To investigate the functional role of NO in the control of vascular tone, detection of NO and its vasodilatory effect were first assessed by applying DEA-NONOate, a NO donor, in acute slices. Because blood vessels in the slice preparation lack intraluminal flow and pressure (Sagher et al., 1993; Cauli et al., 2004), vasodilations were detected in vessels preconstricted with the thromboxane agonist U46619 (75 nm) throughout the experiment. U46619 induced a slowly developing vasoconstriction of blood vessels that was often spatially restricted (n = 9 of 12) (Fig. 1C,D; see 4C). When bath applied, DEA-NONOate (100 μm) induced an NO flux of 0.83 ± 0.07 fmol/s (n = 5; p < 0.001) (Fig. 1A) and reversibly dilated microvessels to 86 ± 28% over baseline (p < 0.01; n = 6) (Fig. 1B–D and supplemental video 1, available at www.jneurosci.org as supplemental material). The dilatory response was more pronounced on the segment of blood vessel constricted most by U46619 (Fig. 1C,D). Inhibition of sGC by ODQ (10 μm) abolished (p < 0.05) the dilations induced by DEA-NONOate (−4 + 4%; n = 5), confirming that production of cGMP is necessary for NO-mediated vasodilation (Ignarro et al., 1999).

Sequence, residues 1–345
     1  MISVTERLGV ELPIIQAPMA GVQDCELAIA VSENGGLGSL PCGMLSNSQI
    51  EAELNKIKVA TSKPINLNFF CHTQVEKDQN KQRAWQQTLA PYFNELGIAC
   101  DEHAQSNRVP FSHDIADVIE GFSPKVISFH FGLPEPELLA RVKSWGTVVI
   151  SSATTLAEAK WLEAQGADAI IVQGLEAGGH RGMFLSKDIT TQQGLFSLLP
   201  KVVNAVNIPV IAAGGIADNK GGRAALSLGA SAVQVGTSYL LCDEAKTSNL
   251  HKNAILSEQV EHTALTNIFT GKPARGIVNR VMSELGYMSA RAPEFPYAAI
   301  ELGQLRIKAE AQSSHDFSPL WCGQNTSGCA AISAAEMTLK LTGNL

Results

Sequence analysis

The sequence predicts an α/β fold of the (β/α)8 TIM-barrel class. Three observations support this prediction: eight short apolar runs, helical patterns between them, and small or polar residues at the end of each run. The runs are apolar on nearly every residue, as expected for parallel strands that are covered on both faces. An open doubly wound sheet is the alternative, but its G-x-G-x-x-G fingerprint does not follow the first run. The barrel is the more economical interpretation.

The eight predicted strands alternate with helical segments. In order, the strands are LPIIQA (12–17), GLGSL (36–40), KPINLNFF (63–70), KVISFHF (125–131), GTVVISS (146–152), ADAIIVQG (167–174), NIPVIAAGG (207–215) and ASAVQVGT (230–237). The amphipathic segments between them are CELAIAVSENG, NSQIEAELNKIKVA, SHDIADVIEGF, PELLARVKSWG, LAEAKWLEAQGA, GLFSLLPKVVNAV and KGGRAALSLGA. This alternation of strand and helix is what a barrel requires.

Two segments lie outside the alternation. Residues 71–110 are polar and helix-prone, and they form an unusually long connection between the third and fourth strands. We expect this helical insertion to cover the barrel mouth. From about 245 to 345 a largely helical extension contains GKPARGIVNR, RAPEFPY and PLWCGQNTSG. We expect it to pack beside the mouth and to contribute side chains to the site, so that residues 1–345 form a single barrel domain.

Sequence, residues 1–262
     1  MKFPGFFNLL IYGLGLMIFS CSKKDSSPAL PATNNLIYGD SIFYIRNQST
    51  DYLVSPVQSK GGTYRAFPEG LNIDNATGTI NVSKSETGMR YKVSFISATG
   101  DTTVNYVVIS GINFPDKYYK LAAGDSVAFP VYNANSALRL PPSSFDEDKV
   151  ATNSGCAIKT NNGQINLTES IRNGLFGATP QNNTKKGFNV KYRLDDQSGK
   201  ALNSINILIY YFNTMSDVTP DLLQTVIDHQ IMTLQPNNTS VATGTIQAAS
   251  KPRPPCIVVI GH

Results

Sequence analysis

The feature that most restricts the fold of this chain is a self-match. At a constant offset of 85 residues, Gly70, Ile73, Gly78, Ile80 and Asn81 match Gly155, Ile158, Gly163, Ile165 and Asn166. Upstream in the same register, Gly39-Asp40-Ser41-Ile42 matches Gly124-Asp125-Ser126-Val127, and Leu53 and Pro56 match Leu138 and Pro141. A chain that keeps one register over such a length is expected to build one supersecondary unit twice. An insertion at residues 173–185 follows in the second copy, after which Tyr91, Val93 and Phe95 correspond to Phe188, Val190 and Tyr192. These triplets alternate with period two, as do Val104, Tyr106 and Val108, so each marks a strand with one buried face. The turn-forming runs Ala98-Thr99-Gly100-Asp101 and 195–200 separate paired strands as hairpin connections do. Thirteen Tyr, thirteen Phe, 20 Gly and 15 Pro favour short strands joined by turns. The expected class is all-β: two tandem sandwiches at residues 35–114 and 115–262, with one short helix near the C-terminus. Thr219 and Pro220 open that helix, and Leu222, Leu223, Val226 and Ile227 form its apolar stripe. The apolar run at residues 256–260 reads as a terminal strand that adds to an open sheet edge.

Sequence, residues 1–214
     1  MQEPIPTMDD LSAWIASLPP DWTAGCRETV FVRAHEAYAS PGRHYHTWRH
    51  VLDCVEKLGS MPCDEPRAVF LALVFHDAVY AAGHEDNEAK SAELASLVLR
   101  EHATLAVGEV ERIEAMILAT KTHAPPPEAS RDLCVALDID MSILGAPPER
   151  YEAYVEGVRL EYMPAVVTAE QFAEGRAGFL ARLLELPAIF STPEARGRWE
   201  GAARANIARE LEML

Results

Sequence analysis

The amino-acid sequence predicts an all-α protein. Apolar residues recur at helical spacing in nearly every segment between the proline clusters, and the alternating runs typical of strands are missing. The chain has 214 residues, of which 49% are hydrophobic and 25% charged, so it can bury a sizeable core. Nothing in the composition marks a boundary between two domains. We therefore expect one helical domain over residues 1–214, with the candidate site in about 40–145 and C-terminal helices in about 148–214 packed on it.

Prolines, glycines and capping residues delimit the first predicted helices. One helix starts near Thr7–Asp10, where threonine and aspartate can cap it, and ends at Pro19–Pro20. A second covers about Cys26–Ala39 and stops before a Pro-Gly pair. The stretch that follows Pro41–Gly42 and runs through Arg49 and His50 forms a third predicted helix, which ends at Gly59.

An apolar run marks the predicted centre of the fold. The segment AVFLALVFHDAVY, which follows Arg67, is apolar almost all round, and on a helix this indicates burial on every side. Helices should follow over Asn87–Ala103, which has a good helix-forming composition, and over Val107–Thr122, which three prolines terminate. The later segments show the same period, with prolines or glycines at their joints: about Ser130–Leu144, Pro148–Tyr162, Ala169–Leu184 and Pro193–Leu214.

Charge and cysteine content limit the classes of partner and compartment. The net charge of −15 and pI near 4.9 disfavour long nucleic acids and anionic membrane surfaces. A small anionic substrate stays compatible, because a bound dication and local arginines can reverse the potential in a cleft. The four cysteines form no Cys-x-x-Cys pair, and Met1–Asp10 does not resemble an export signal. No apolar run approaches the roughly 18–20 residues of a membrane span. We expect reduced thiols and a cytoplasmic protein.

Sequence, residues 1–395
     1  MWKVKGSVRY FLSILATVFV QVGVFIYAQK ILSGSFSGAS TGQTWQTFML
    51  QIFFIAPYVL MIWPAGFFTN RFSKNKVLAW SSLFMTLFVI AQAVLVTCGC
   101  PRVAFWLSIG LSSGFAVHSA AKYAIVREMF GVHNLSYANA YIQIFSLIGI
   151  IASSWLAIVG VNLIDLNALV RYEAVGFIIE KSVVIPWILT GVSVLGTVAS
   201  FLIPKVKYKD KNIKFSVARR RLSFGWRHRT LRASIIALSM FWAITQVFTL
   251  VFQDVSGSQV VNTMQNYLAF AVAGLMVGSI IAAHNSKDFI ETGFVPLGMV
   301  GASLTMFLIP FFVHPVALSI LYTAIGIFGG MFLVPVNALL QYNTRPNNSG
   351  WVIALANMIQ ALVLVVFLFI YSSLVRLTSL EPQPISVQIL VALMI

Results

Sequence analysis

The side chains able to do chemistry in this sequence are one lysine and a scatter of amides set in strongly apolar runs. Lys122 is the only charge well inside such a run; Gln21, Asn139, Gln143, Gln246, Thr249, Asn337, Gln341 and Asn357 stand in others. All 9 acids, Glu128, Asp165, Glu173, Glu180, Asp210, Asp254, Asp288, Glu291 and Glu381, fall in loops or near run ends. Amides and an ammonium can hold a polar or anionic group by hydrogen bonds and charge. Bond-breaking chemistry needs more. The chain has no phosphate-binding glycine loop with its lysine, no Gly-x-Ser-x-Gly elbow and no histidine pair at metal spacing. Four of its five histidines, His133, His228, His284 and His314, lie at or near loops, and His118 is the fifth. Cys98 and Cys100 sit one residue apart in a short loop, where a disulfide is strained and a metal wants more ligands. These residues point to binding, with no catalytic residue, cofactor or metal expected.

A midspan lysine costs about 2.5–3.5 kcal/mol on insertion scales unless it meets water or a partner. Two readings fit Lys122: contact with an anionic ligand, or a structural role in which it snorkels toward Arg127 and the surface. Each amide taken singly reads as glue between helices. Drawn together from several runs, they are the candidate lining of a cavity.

Glutamate-induced constriction and Purkinje cell stimulation